skip to primary navigationskip to content
 

E334: Multiscale 3D analysis of silicate-hosted magnetic inclusions (Lead Supervisor: Richard Harrison, Earth Sciences)

Supervisor: Richard Harrison (Earth Sciences)

Importance of the area of research:

Paleomagnetic measurements of single crystals of quartz containing nanoscale magnetic inclusions demonstrate that the geodynamo was active at least 3.5 billion years ago and that the intensity of the magnetic field was ~50-70% of the present day field (J. Tarduno et al., 2010). There are currently no paleomagnetic data that predate 3.5 Ga, meaning that the behaviour of the geodynamo for the first one billion years of Earth’s history remains unknown. Silicate-hosted magnetic inclusions have the potential to provide information about the early geodynamo (J. A. Tarduno & Cottrell, 2013). However little is know about their nature and origin. If they are primary magmatic inclusions then they may retain a thermoremanent magnetiation relating to the ancient geodynamo. If they are secondary inclusions formed through later processes (e.g. hydrothermal alteration), then this primary magnetic information may have been changed or lost completely. Understanding the nanoscale mineralogy and chemisty of silicate-hosted magnetic inclusions is a pressing issue that could help to unlock information about the earliest history of the geodynamo.

Project summary:

The proposed project will focus on the mineralogy of silicate-hosted magnetic inclusions from a range of rocks. Our chief aims are a) to understand the formation mechanism of magnetic inclusions in a range of silicate hosts and develop methods to distinguish between primary and secondary inclusions, b) to explore the potential of these inclusions as a paleomagnetic recorders, c) to constrain how and when they became magnetised, and to develop both experimental and computational methods to enable their paleomagnetic properties to be measured and interpreted. Primarily the work will focus on new correlative methods of 3D mineralogical analysis linking behaviour across multiple length scales (atomic to micrometre).

What the student will do:

The student will use a variety of cutting edge methods to explore the potential of silicate-hosted magnetic inclusions as paleomagnetic archives in ancient earth rocks. They will use slice-and-view tomography to determine the 3-dimensional chemical and crystallographic make up of the inclusions  at the nm-µm scale, and thereby determine their formation mechanism. This involves taking succesive ~20 nm slices through the crystals using a focussed ion beam (FIB), acquiring detailed chemical and crystallographic information from each slice using energy dispersive X-ray (EDX) spectroscopy and electron back scattered diffraction (EBSD) to build up a 3D reconstruction of the microstructure. The 3D structure will be explored at the atomic scale using atom-probe-tomography, whereby a 3D volume of the sample is reconstructed atom-by-atom(Valley et al., 2014). Finally, the 3D information will be used to create computer models that accurately describe the paleomagnetic behaviour of these intergrowths and determine how and when they became magnetised.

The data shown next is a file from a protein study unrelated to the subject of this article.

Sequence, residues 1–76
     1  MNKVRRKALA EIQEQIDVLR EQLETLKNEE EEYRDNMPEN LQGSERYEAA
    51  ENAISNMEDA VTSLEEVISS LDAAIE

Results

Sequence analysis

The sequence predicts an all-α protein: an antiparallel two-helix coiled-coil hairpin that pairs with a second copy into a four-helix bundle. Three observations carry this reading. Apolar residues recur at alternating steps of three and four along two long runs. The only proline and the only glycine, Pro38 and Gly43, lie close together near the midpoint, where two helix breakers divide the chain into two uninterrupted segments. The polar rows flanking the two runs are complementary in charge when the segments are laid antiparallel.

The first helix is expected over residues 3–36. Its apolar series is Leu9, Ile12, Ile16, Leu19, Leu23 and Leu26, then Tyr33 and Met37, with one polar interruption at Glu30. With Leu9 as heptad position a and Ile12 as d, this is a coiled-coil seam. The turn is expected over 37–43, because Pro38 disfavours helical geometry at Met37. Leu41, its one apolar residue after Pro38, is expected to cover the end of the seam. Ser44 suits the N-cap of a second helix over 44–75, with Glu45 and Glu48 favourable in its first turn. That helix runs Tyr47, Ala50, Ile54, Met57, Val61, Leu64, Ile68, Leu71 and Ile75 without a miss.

Please contact the lead supervisor directly for further information relating to what the successful applicant will be expected to do, training to be provided, and any specific educational background requirements.

References:

Tarduno, J. A., & Cottrell, R. D. (2013). Signals from the ancient geodynamo: A paleomagnetic field test on the Jack Hills metaconglomerate. Earth and Planetary Science Letters, 367, 123–132. doi:10.1016/j.epsl.2013.02.008

Tarduno, J., Cottrell, R., Watkeys, M., Hofmann, A., Doubrovine, P., Mamajek, E., … Usui, Y. (2010). Geodynamo, Solar Wind, and Magnetopause 3.4 to 3.45 Billion Years Ago. Science, 327(5970), 1238–1240.

Valley, J. W., Cavosie, A. J., Ushikubo, T., Reinhard, D. a., Lawrence, D. F., Larson, D. J., … Spicuzza, M. J. (2014). Hadean age for a post-magma-ocean zircon confirmed by atom-probe tomography. Nature Geoscience, 7(3), 219–223. doi:10.1038/ngeo2075.

Follow this link to find out about applying for this project

Other projects involving the supervisor(s) listed can be viewed here:

Filed under: